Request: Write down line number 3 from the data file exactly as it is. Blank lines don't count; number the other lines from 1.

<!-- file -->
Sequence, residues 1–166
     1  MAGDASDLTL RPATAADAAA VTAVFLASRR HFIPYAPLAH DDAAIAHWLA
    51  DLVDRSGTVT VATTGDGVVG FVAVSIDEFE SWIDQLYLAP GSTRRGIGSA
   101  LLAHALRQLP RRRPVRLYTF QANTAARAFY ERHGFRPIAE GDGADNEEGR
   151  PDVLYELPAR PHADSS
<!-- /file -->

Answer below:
    51  DLVDRSGTVT VATTGDGVVG FVAVSIDEFE SWIDQLYLAP GSTRRGIGSA